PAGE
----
Last Sunday, 140 basketball players, ages 8 to 18, took the court for their first game. That number is about 50 more kids than the normal turnout rate, and all get to play for free.
“It’s been a rough year with the hurricane,” said City of Marathon volunteer basketball coach Neil Cataldo, who runs a non-profit called MAYDEA, Marathon Association for Youth Development and Athletic Excellence. “With the kids being displaced from the hurricane and everyone tight on money, I didn’t want that to affect the turnout numbers this year.”
So, with donations from local businesses, MAYDAE (which includes Cataldo, Sean Kirwin and Linda Kruszka) collected the $3,000 it takes to run the 8-week program free of charge. It usually costs around $40 per player to cover the uniforms, equipment, and end-of-season awards.
“We were really hoping to get younger kids interested this year,” said Cataldo. “This was a good way to get their feet on the court.”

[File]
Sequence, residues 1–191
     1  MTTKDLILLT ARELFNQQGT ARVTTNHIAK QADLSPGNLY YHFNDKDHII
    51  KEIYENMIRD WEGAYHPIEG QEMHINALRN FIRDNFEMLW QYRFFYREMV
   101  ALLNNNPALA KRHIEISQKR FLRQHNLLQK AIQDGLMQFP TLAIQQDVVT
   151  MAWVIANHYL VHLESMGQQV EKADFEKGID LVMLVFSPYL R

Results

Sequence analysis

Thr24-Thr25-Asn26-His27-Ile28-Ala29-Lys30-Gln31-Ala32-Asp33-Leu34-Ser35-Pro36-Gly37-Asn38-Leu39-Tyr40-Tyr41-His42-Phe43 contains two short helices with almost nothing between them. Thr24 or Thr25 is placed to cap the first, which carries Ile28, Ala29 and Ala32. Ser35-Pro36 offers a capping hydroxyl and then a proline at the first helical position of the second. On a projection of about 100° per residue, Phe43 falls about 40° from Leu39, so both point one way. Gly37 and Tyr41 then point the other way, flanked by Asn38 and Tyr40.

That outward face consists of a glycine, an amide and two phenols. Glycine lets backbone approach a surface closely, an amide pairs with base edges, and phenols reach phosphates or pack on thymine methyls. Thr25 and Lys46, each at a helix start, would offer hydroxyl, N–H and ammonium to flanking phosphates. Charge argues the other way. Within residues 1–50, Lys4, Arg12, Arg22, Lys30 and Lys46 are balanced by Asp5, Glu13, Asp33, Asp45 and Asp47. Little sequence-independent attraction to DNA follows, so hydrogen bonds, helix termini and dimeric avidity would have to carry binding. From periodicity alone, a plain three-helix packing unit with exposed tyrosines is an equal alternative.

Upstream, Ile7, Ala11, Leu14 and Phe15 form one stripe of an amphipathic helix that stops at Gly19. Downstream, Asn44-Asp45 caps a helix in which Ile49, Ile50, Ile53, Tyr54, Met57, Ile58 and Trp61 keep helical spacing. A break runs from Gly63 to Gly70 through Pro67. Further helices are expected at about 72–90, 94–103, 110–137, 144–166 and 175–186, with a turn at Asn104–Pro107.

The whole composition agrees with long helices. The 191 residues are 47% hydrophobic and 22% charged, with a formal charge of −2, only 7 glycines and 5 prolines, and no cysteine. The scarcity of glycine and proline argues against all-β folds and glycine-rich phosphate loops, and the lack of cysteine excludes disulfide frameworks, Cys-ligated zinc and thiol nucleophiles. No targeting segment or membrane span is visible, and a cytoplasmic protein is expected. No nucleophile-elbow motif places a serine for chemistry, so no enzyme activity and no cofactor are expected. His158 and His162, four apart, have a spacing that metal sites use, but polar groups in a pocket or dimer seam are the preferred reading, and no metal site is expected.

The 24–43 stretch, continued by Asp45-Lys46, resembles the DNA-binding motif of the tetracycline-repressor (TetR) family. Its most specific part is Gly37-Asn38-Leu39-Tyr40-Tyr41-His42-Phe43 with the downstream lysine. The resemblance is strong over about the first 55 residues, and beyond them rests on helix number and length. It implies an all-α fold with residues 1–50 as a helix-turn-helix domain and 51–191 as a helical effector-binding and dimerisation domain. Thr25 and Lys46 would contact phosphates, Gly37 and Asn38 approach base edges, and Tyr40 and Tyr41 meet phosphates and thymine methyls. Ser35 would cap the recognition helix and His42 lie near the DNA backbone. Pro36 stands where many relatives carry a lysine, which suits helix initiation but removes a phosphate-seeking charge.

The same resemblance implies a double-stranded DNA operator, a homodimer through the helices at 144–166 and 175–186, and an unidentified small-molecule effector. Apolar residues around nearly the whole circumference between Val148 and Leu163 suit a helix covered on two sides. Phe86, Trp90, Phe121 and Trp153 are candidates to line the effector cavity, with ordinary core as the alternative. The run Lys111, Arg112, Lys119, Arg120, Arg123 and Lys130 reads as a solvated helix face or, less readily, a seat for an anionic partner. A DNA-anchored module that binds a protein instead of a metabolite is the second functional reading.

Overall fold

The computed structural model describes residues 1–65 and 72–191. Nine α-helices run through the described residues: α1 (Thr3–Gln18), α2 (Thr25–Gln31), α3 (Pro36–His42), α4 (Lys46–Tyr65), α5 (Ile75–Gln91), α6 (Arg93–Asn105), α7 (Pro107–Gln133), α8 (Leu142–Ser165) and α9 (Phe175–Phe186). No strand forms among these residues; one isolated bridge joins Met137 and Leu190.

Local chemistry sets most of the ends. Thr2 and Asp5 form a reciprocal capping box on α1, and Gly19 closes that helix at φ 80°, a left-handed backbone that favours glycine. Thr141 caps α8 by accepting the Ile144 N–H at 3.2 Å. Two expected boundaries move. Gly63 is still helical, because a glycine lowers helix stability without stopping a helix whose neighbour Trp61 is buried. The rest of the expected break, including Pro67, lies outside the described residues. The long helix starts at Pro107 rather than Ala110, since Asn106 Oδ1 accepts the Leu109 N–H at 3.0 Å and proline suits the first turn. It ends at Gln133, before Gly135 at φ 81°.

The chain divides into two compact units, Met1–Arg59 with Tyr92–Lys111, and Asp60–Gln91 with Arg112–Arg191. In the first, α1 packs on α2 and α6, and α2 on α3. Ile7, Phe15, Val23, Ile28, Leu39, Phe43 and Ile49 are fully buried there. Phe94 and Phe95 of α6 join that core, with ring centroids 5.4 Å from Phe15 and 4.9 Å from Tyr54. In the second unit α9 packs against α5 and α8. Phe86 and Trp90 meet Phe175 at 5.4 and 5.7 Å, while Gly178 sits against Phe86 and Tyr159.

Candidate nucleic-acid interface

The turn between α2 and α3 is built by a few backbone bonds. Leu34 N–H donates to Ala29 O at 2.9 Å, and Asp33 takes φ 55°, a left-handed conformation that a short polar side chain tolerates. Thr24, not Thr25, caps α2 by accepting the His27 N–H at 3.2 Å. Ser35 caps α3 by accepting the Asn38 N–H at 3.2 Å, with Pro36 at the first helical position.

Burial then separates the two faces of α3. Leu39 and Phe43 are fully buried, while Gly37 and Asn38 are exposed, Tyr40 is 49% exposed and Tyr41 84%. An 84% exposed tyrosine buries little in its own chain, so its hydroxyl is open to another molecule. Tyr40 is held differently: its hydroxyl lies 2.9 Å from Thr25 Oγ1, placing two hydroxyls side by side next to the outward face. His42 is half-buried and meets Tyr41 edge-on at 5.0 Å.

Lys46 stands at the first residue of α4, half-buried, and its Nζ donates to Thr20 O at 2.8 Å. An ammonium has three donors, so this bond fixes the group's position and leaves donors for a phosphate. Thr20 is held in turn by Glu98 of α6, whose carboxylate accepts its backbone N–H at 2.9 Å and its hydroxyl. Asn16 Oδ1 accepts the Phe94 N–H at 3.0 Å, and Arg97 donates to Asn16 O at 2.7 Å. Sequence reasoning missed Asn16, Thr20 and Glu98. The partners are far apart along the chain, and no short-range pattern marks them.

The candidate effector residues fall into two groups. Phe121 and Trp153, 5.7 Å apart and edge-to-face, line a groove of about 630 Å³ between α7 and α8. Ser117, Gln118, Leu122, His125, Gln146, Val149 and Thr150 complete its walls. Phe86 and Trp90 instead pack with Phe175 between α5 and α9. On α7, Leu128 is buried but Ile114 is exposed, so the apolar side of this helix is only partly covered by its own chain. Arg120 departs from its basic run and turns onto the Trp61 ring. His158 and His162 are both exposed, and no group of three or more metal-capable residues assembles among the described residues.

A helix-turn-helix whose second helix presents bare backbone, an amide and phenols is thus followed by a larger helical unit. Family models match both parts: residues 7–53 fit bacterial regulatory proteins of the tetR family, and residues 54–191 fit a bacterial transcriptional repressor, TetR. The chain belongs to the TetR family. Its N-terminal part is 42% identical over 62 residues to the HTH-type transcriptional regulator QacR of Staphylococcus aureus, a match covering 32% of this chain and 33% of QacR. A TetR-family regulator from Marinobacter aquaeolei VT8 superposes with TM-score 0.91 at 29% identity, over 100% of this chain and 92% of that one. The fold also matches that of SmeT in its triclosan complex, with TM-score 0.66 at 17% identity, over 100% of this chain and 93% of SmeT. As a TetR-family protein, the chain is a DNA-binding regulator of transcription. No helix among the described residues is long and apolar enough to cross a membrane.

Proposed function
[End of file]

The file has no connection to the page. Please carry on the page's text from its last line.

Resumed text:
Cataldo, who owns Allgood Maintenance, has been involved with coaching younger kids for about 20 years and made the non-profit MAYDAE about three years ago to entice his customers to donate to local sports. “It was more beneficial to ask for money when the donations could be written off on their taxes,” he said.
Cataldo grew up on the Marathon High School basketball court and said consistency with the players is most important. “The kids who are playing for Coach Freeman now at the high school level, 90 percent of them came up through this program. And, they have had a lot of winning years under their belts lately.”
The non-profit donated a shooting machine last year to the high school and also helps subsidize other costs throughout the year for other programs and traveling student teams, like The Tropics and Outlaws.
“Every little bit of money we can help keep in people’s pockets helps,” said Marathon Parks and Recreation Director Jimmy Schmidt. “It is good morale as we adjust to the new normal.”